112th Annual Conference - Riverside Convention Center, California
Friday, October 31 - Sunday, November 2, 2014

This page is about the 2014 conference. For 2015 conference info, go to PAMLA 2015.

Saving Childhood: Pilot as Intermediary in Antoine de Saint-Exupery’s Le Petit Prince

Elizabeth Hoyt, Kansas State University

The intermediary nature Antoine de Saint-Exupery’s pilot in Le Petit Prince can further critical discussion of representations of childhood and adulthood within literature, and help literary theorists understand the differences between fictional children and the adults who produce them. Readers are invited to re-examine whether or not “growing up” really necessitates the end of childhood.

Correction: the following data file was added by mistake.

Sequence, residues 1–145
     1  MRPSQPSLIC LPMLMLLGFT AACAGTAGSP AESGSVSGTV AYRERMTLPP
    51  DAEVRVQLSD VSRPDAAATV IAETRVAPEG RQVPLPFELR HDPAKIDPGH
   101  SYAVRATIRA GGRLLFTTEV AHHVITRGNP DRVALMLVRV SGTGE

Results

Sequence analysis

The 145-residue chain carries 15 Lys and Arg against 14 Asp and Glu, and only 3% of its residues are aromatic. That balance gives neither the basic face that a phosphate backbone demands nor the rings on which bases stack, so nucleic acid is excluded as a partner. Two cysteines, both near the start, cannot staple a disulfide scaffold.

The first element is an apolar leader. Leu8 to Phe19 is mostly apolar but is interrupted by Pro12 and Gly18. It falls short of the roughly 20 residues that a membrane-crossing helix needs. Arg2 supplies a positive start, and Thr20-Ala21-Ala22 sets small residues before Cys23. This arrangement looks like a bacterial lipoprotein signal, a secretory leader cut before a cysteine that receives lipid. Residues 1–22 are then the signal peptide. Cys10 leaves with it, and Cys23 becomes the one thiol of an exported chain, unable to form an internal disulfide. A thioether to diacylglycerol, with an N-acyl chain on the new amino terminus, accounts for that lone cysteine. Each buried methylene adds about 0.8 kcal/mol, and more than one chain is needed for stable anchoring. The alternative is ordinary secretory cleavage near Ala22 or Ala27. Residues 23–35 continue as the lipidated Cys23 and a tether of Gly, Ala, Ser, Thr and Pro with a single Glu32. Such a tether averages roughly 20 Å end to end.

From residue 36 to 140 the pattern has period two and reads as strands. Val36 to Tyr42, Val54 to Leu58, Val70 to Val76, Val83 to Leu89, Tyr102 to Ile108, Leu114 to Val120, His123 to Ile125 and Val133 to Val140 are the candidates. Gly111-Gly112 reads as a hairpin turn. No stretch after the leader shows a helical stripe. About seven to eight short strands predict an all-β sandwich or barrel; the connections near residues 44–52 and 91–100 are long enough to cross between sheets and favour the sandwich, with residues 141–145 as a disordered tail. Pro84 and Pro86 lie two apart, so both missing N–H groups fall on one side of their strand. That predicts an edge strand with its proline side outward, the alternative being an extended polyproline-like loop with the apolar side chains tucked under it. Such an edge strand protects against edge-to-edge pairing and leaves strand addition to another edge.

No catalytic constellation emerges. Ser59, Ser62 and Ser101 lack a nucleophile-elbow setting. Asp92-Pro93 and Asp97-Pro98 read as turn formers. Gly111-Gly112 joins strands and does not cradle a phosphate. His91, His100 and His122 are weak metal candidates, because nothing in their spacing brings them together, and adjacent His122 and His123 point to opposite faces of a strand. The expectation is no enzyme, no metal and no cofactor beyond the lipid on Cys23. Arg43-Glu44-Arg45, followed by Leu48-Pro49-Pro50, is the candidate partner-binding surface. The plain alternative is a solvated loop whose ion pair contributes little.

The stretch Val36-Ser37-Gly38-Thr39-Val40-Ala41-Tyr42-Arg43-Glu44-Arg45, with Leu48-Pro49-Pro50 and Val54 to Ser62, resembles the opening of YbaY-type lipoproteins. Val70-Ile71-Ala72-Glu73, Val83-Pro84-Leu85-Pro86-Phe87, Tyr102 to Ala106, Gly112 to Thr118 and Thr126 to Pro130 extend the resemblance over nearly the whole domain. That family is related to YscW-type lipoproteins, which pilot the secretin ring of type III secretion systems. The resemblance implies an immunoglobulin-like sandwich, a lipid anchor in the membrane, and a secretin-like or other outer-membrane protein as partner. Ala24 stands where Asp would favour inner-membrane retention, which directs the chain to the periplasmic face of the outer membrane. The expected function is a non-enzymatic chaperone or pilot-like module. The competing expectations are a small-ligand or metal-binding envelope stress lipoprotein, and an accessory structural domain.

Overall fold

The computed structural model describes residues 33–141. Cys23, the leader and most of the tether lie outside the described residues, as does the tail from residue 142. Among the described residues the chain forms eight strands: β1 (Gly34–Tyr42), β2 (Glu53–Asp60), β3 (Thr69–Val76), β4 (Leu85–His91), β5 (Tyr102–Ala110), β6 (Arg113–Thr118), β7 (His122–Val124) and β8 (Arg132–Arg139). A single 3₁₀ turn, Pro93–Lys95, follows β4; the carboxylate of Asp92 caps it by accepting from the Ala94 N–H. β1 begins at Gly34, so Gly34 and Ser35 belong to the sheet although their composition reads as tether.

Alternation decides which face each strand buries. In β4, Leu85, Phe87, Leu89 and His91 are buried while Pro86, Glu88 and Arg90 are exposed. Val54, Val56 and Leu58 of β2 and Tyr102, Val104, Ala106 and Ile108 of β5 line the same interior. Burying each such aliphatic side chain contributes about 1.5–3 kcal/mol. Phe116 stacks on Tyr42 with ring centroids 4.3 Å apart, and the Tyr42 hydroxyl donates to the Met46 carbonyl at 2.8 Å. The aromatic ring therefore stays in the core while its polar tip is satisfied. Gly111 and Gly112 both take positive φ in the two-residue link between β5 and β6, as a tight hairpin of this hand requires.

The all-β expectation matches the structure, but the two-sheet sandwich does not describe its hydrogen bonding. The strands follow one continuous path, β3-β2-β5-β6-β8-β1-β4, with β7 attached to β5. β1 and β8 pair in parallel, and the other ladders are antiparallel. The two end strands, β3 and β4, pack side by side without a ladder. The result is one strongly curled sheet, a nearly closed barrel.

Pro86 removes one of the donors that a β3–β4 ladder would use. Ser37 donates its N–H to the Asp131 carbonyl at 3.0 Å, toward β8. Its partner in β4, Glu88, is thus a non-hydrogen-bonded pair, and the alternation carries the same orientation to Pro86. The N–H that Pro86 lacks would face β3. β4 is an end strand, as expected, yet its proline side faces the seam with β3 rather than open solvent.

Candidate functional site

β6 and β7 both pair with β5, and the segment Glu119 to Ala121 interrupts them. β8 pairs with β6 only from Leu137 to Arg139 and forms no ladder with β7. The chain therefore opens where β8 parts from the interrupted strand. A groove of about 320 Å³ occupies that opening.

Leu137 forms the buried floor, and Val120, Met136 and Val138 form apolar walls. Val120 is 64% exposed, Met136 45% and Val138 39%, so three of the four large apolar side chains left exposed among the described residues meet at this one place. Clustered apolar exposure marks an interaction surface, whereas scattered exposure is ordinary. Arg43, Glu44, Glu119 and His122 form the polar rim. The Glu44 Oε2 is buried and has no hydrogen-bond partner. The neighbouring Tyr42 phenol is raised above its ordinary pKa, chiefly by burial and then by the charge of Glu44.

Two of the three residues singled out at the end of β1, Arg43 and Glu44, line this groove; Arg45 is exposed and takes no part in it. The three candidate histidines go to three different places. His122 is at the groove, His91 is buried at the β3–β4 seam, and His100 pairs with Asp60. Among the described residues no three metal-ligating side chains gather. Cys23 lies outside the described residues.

The emergence of children’s literature as a genre has precipitated an interest in the relationship between childhood and adulthood, between fictional children and the adults who produce them. Consequently, recent articles in Children’s Literature and The Lion and the Unicorn are dedicated to discussing this relationship in an attempt to clarify our perception of culturally constructed childhood. Claudia Nelson, for example, argues that “fictional children illustrate adult beliefs about what real children are and need” (223), concluding that, in consequence, children’s literature “traces a history of childhood that is simultaneously a history of adult wishes about childhood” (233). Similarly, Susan Shau Ming Tan laments that for children “coming-of-age often involves a recognition of a culturally defined childhood as well as loss: loss of innocence, loss of child-self” (55). Both scholars illustrate concerns that are prevalent in the current critical conversation. I believe Antoine de Saint-Exupery’s Le Petit Prince can assist us in addressing these concerns, and is, thus, deserving of critical attention. In order to prove this I intend to show that the pilot within the story acts as an intermediary character who bridges the gap between childhood and adulthood by inviting readers to do three things: he asks them to consider what distinguishes childhood from adulthood in order to show that they are related to one another; he encourages them to examine the difference between wonder and fact in order to determine which of the two represents the essential, and he asks them to question whether or not “growing up” really necessitates a death of childhood.